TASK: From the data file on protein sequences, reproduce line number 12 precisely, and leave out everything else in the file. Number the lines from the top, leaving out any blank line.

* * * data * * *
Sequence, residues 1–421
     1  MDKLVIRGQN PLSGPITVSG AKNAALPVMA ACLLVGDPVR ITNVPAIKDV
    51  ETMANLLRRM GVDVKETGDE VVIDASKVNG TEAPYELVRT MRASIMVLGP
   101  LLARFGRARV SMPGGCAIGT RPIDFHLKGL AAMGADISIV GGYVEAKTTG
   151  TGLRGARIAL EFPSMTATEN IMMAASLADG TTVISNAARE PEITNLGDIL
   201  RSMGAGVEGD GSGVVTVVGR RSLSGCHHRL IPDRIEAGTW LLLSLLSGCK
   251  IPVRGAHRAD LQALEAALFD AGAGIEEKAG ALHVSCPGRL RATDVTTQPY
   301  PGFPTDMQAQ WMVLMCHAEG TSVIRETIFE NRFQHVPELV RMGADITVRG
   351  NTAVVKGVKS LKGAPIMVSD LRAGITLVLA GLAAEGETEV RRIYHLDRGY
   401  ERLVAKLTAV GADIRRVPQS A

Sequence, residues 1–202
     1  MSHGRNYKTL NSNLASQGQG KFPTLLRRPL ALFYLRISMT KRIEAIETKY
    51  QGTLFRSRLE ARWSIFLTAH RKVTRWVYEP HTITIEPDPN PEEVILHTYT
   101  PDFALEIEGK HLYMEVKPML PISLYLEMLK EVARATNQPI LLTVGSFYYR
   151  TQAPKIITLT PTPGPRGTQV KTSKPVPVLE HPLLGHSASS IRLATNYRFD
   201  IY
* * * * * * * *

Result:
     1  MSHGRNYKTL NSNLASQGQG KFPTLLRRPL ALFYLRISMT KRIEAIETKY